t’s that time of year again — temperatures are dropping, the days are shorter and Canada Goose jackets are out in all their glory, ready to battle the frigid cold. Canada Goose jackets have become a symbol of both status and fashion for those who are lucky enough to own one, standing out from the crowd with their luxurious fur trim and bright Arctic Circle logo sewn onto the sleeve. In fiscal year 2019, Canada Goose’s revenue increased 40.5 percent, and it is expected to grow at least 20 percent over the next three years. As these jackets become increasingly popular in colder regions, people should reconsider following this fashion trend because of the ethical consequences of using real coyote fur.
The company was founded by Sam Tick, who immigrated to Canada and worked to provide people in the coldest places on the planet with heavy-duty cold weather gear nearly 60 years ago. His company was originally called Metro Sportswear Ltd. and focused on raincoats, woolen vests and snowmobile suits. Over the years, however, the company shifted focus toward parkas. Canada Goose jackets have been worn by climber Laurie Skreslet in his trek up Mount Everest, by world-record setting Lance Mackey, who won numerous dog sledding races in the Arctic and Ray Zahab, who walked to the South Pole in record time. Canada Goose holds a proud history of protecting these people, among many others, from extreme temperatures and brutal conditions.
With these examples in mind, the quality and effectiveness of the jackets is undeniable. According to Canada Goose’s Fur and Down Policy, the trim of the jacket hood is made of real fur because it “disrupts airflow which helps protect the face from frostbite.” As the company’s history suggests, Canada Goose jackets are built to withstand the cold, and therefore they are committed to using the best materials possible. Fur has been used by Inuit people in the Arctic for thousands of years, which speaks to its effectiveness in protecting the face from extreme cold and wind. Unlike companies like Canada Goose, Inuit populations are an example of small-scale, necessary and non-commercialized use of real fur. Fur should not be finding its way back into the jacket industry — this is where synthetic materials belong. While some may find real fur to be warmer, I find synthetic materials to be just as effective in protecting against the cold.
While these Canada Goose jackets are crafted with the spirit of adventure in mind, we must acknowledge the original purpose of Canada Goose and question our participation in a company that uses real coyote fur. Jackets that were designed for the extreme cold are now being used by ordinary people in far more ordinary weather conditions. Climbers and Arctic-goers are not the only ones purchasing Canada Goose jackets — they have become noticeably popular among college students. The rise in popularity of Canada Goose may be a result of the media and celebrities, as well as film. The parkas have made appearances in movies such as “National Treasure” and were photographed on David Beckham and Claire Danes, as well as Kate Upton on the cover of Sports Illustrated magazine in 2013. The use of real fur always comes at a cost, regardless of the manner in which the animal was killed, and we must seriously weigh our options when considering purchasing these jackets.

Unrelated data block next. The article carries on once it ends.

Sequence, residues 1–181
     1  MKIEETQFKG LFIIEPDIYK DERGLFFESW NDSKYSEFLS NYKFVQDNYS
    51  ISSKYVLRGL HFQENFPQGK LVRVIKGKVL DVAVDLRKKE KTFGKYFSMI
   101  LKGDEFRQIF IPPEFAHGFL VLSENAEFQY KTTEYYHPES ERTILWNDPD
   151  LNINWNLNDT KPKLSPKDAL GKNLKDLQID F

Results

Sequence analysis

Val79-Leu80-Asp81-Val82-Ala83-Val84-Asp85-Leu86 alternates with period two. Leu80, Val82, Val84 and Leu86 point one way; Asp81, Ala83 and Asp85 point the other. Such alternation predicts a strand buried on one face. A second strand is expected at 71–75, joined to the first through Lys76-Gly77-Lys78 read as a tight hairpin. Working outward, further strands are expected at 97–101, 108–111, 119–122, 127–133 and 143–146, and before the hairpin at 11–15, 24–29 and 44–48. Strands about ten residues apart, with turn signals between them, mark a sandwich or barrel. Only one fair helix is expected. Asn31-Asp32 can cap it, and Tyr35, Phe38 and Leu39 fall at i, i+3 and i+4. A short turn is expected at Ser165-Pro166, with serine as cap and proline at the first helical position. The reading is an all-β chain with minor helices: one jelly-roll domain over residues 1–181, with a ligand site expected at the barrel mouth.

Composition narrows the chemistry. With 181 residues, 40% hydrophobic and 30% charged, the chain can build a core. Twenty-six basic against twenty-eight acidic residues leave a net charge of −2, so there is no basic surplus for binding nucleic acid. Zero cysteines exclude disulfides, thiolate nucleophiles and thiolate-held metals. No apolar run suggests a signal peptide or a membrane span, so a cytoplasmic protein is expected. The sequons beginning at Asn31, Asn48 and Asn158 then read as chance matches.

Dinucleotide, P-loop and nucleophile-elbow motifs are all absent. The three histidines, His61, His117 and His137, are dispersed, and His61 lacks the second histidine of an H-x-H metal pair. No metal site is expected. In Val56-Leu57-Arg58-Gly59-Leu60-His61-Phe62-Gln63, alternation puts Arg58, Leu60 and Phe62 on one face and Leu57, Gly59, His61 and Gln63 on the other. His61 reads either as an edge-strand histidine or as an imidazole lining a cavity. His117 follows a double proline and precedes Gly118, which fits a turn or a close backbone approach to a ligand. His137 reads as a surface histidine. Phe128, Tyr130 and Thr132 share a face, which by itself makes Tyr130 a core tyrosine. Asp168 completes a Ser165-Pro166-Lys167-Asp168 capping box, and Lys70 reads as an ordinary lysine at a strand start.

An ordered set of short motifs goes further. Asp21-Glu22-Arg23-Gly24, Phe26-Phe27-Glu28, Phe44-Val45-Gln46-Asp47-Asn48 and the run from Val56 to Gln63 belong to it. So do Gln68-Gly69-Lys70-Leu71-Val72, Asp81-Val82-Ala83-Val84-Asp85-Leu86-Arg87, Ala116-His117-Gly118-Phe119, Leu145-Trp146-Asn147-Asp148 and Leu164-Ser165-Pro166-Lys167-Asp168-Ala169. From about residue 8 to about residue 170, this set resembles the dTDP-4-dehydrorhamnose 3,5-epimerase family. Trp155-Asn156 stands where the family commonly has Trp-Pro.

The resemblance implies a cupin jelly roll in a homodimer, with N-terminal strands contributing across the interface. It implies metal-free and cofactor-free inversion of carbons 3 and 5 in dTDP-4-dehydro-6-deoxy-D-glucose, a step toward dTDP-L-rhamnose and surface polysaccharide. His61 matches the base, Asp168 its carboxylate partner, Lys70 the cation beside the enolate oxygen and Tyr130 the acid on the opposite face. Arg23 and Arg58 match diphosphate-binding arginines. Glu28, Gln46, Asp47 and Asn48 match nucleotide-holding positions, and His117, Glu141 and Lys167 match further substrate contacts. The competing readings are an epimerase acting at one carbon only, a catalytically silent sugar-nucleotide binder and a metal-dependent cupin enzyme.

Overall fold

Canada Goose’s transparency standards describe the “ethical” sourcing of the down used for their jackets as a “byproduct of the poultry industry,” and the coyote fur comes from North American trappers that are “strictly regulated by state, provincial and federal standards.” Canada Goose only purchases fur from North American trappers who assist in managing coyote populations. However, through this process of supply and demand, more coyotes may be killed than are strictly necessary to prevent overpopulation, which could upset the ecological balance. Down is less of an issue than the coyote fur, being that it is simply a byproduct of the poultry industry, which can be seen as more ethical in that more parts of the bird will not go to waste.
While these standards regarding fur and down make the company more reputable, the use of real fur remains highly controversial despite claims of ethical sourcing. It is cruel and unnecessary on the consumer’s end to purchase real fur. Canada Goose is supplying the demands of its consumers; therefore, we have encouraged the trapping and killing of coyotes by purchasing the coats. Coyote fur is in huge demand because of Canada Goose and that demand will likely continue to grow if this trend continues.
It is shocking and disgusting to see real fur reappearing in fashion — especially by college-age consumers. Real fur should be used by those who really need it, not by city-goers or college students looking to flaunt their status and style with a dead animal’s pelt sewn onto their hood. The decision to purchase and wear real fur simply cannot be justified by the majority of people who own these jackets. While many Binghamton University students, including myself, may feel like they are trekking through the Arctic on their way to class or climbing Mount Everest when walking up to the Appalachian Collegiate Center, there is truly no need for any of us to own one of these jackets. It’s time that we open our eyes to the reality of the trend we are helping to set, and seriously consider our choice to support the fur industry.
Sophia LoBiondo is a sophomore majoring in political science.